The author states that “much of
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Moira Russell
Mar 26, 2013 rated it did not like it  ·  review of another edition
Recommends it for: Nobody
Flat-out terrible. Full of anachronisms and totally wrong speech patterns, and even worse, Scott and Zelda don't sound like themselves at all, and the author wrote pale unconvincing imitations of their letters when volumes of them are available! So disappointing. Not recommended at all.

SAMPLE DIALOGUE: "I went to the window. 'I never woulda thought it. Not like this.' I turned back toward him. 'You're sorta impressive.'"
Robin
Mar 28, 2013 rated it it was amazing  ·  review of another edition
"Marry me, Zelda. We'll make it all up as we go."

"Have another glass of champagne and tell me more."

"You'll make it worth my while, right?"

That's it: my whole review. I'll be over here crying in the corner if you need me.

And just in case there was anyone who thought my heart wasn't sufficiently broken this year, Hadley Hemingway showed up here again to make sure it stayed broken. Stop whatever you're doing and go read this, then watch Midnight in Paris then embarrass yourself over twitter by pic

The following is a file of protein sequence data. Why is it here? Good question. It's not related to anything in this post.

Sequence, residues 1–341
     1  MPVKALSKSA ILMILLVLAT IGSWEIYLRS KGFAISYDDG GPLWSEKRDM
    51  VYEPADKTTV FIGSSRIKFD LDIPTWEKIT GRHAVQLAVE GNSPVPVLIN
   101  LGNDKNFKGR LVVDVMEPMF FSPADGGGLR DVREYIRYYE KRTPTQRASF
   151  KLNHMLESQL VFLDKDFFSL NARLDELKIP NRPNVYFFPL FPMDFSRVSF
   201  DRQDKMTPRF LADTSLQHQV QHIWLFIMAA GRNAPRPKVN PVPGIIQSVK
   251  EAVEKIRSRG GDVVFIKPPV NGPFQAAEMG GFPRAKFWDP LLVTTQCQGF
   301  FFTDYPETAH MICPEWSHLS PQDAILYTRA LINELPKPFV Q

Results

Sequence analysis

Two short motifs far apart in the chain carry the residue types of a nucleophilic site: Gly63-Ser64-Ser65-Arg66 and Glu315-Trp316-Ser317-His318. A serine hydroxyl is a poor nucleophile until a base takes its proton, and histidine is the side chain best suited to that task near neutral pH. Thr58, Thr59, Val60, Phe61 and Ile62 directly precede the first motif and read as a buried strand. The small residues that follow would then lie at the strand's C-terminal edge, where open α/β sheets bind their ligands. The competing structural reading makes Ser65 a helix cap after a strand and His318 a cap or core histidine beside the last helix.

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Mariah Roze
Dec 29, 2015 rated it really liked it  ·  review of another edition
Recommended to Mariah Roze by: Tima
I read this book for my A-Z book title challenge.

Wow! I really enjoyed this book! I learned so much about the Fitzgeralds and I originally knew very little. Zelda was a fascinating women with bipolar disorder, but most of the book was before her hospitalizations. All I knew about her before the book was that she was married to Scott and had mental health troubles and was in and out of hospitals. This book showed so much more than that. Majority of her life, she was very healthy and active. She
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B the BookAddict
Jul 05, 2013 rated it it was amazing
Recommended to B the BookAddict by: Angela



The Jazz Age was a particularly hedonistic time and few who lived it, came through it unscathed. Zelda and F Scott Fitzgerald certainly did not escape scot-free but after reading this book, my sympathies lie much more with Zelda. In all honesty, I came away from finishing this book feeling immensely sad for Zelda: even given her faults, you can't say she wasn't trying to have a life; a life away from all the booze, the fun, the people. If she'd left Scott, the law denoted that she would lose her
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Kim
Jul 27, 2013 rated it liked it  ·  review of another edition